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  • Ann Skalaski

The Magic of Christmas

By Ann





As a child, I loved Christmas and couldn’t wait to experience the magic and wonder of the holidays with my own children. The twinkling lights and festive decorations, Christmas music and movies…and the enchanting tale of Santa Claus.


As a young mom I wanted to hold on to all the magic of Christmas for my children, including Santa. I wrestled with these desires when talking with parents who chose not to include Santa in their traditions. Their reasons were solid—they didn’t want to deceive their children or promote the materialism that seemed to be overtaking Christmas. They wanted to keep Jesus the central focus of Christmas in their home.


Maybe some of you are in this place now. Looking for a way to embrace all the magic of Christmas…and use it to point to Jesus.


Enter St. Nicholas! The real Saint Nicholas was a fourth-century Christian Bishop. As an only child he inherited a fortune when his parents died, and he became known for his generosity and his legendary habit of secret gift-giving. All inspired by his commitment to Christ. His story gave rise to the legend of Santa Claus. Secret gifts given out of Christ-centered generosity. This generosity, which is so visible this time of year, is the true magic of Christmas.


Regardless of how or if Santa is a part of your family’s Christmas tradition, you can share the story of St. Nicholas with your children. A man who demonstrated Christ-centered generosity towards others inspired by God‘s generous gift his own son on that first Christmas.


St. Nicholas connects the magic of Christmas with the miracle in the manager.


In her e-book, Treasuring Christ in Our Traditions, Noel Piper defines traditions as planned habits with significance. A way to hand down values, beliefs, and worldview from one generation to another.


How are your Christmas traditions handing down your values and beliefs to your children?


One of our favorite traditions when my kids were young was having friends over to make Christmas cookies and sending a plateful home with them for their families. Handing down our values of hospitality and generosity.


We started this tradition when my kids were in kindergarten and, with the older two, it ended with middle school. When my youngest was in middle school, I mourned what I assumed was the end of this tradition---until he came home from school and told me that his friends were asking when we were going to make Christmas cookies. I had to scramble to get the supplies ready and two days later my kitchen was full of middle school boys making and decorating cookies. Watching them was its own kind of Christmas magic!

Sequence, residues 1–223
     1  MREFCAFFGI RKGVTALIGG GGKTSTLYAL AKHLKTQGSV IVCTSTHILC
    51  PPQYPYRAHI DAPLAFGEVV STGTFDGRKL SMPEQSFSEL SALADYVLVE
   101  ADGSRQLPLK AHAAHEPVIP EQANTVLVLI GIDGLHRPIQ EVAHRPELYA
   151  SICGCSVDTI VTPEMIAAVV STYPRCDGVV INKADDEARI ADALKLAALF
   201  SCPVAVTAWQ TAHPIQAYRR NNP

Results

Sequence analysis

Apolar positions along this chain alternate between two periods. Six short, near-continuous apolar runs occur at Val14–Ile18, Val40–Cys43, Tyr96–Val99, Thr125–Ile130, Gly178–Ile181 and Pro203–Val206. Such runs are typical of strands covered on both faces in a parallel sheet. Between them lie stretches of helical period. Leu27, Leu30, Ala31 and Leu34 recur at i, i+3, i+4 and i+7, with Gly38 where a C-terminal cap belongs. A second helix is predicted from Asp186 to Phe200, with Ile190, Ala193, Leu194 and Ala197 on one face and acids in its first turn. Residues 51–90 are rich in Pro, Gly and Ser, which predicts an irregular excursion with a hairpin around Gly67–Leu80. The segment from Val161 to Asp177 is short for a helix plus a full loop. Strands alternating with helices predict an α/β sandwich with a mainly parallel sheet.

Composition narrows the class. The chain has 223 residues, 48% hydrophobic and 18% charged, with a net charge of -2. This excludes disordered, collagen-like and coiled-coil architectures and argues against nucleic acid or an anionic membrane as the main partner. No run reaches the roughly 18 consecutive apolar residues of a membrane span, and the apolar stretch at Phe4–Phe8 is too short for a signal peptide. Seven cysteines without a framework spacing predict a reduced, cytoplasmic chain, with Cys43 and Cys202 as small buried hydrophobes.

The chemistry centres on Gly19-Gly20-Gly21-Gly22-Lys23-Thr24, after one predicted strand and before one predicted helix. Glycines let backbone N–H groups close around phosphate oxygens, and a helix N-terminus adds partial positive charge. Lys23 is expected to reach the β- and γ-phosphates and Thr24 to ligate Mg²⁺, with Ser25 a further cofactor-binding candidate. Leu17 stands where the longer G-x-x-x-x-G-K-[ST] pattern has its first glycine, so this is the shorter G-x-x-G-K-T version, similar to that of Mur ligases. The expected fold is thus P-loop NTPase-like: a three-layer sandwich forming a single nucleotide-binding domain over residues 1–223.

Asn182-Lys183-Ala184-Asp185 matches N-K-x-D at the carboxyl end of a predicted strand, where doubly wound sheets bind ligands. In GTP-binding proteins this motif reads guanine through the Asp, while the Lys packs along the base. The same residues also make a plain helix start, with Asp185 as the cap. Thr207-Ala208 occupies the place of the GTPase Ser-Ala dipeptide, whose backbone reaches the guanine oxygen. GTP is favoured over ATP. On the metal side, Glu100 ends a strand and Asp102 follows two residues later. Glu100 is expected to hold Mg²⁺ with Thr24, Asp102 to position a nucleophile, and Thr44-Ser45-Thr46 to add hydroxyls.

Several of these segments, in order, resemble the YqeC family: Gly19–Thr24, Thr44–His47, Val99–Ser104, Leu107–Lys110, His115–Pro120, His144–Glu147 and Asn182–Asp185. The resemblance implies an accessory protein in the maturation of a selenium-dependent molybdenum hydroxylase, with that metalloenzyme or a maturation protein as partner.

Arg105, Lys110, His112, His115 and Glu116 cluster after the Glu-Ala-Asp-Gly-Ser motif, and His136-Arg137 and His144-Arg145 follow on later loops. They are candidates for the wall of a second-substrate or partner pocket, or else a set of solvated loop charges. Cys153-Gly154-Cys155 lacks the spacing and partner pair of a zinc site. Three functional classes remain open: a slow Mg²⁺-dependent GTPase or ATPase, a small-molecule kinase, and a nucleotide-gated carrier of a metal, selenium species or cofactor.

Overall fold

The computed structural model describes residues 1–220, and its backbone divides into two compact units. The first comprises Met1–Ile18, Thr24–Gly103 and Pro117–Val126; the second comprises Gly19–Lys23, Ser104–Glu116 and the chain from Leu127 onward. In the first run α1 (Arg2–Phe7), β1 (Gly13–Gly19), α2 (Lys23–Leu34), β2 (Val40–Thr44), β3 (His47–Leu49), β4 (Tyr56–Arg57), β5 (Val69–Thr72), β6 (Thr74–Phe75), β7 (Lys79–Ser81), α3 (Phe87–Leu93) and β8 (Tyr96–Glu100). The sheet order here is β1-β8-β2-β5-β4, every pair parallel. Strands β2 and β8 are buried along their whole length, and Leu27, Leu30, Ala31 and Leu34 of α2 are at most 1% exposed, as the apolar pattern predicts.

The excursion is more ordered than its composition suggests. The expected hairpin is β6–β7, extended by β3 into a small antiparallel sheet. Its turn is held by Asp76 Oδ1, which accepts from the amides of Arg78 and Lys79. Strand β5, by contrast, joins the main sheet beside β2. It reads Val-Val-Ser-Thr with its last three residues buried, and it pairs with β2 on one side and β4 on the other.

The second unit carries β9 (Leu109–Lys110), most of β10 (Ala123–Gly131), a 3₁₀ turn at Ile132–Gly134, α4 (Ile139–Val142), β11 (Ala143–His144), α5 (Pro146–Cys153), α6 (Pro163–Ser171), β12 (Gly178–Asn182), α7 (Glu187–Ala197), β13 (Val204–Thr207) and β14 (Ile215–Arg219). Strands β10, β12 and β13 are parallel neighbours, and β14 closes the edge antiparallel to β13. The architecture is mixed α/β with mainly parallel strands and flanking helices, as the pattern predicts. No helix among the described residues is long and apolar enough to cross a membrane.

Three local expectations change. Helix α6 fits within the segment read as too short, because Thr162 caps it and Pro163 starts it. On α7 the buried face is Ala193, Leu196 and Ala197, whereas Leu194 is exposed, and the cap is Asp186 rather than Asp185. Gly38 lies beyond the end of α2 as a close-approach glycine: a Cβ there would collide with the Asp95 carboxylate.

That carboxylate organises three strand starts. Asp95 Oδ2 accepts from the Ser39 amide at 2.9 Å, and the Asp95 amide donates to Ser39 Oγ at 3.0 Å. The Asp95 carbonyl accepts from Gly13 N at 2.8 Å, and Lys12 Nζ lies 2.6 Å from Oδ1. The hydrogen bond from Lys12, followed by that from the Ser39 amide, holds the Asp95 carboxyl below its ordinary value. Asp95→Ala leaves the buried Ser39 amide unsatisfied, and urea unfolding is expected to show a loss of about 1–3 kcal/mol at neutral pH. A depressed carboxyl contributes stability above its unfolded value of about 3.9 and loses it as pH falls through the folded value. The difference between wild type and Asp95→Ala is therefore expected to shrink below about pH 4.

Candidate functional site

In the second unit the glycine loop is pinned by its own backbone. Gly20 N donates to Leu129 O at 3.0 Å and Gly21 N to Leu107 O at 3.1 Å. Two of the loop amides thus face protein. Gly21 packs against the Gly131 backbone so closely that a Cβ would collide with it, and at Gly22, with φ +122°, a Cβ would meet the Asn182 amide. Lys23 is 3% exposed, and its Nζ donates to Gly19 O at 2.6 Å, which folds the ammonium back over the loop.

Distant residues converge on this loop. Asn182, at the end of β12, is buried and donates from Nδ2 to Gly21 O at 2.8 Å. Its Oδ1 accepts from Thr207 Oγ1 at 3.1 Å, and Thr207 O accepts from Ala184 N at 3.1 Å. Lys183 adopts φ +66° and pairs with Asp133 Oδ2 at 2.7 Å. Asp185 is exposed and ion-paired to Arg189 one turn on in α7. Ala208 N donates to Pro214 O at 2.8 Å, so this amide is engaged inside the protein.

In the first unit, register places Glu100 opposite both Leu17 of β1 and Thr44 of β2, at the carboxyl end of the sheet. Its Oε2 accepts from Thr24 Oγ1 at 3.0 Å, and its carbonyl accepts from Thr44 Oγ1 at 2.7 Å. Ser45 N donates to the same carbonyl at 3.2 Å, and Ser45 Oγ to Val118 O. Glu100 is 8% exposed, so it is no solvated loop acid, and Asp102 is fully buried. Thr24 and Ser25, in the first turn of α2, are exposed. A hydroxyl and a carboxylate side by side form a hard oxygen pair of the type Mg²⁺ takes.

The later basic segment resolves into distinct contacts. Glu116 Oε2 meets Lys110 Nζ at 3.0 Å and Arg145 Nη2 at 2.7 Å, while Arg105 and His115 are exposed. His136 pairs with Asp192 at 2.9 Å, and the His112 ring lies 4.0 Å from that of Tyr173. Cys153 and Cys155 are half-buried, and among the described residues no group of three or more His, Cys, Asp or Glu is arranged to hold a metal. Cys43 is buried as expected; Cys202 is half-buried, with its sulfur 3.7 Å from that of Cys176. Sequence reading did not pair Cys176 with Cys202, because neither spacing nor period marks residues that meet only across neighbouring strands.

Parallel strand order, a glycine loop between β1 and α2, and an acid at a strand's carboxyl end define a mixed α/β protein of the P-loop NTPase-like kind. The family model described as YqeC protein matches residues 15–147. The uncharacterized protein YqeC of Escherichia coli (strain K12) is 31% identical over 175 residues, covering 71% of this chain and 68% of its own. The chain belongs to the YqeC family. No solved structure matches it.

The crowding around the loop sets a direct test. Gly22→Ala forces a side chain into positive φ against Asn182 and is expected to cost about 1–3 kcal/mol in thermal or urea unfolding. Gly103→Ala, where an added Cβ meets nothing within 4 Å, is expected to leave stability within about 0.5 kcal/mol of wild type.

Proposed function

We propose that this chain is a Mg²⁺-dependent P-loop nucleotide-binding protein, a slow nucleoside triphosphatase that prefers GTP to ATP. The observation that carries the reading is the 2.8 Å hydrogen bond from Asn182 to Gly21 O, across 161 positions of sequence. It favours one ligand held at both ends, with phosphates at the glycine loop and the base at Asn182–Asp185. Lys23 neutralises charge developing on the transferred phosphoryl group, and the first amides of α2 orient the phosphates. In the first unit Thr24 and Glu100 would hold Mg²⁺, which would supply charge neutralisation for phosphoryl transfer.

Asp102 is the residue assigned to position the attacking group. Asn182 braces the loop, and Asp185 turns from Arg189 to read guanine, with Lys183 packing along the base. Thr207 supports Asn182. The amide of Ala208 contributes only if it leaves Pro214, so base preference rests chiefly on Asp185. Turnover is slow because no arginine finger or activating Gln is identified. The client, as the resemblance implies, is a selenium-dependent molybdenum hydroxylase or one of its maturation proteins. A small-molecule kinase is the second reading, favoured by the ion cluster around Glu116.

We can enjoy the magic of make-believe ---red-nosed reindeer, talking snowmen and elves on your shelves--but let’s treasure the gift of Christ and make the most of every opportunity to point to Him.


Talk about Jesus as you decorate your home for the holidays. Connect simple things like the star at the top of your tree to the star that led the wisemen to Jesus and the evergreen tree to everlasting life.


Make setting up the manger a significant part of preparing your home for Christmas---you might even consider placing Mary and Joseph in another room and let your children move them closer to “Bethlehem” each day, arriving on Christmas Eve with baby Jesus added on Christmas morning.


Enjoy a cup of hot cocoa with a candy cane. Share how candy canes point to Christ---shaped like a shepherd’s staff; Jesus is the good shepherd. White stripes symbolizing purity, red stripe symbolizing Christ’s blood shed for us. Three thin stripes, representing the Trinity.


Read the Christmas story from the Bible on Christmas Eve or Christmas morning. Better still, find an age-appropriate advent devotional to read with your family throughout the season.


And if you ever start to feel like the deeper meaning of Christmas is getting lost in the gifts and the glitter, grab your kids and watch “Merry Christmas Charlie Brown” together.


When Charlie Brown cries out in frustration, “Isn’t there anyone, who knows what Christmas is all about?” Linus provides the answer…quoting directly from scripture (Luke 2:9-14). Sharing the miracle of the manger…and it’s magical.


Wishing you all a magical Christmas as you make plans now to celebrate and treasure the gift of our Savior. Making the most of every opportunity to point your children to the ultimate gift of salvation found only in the manger.



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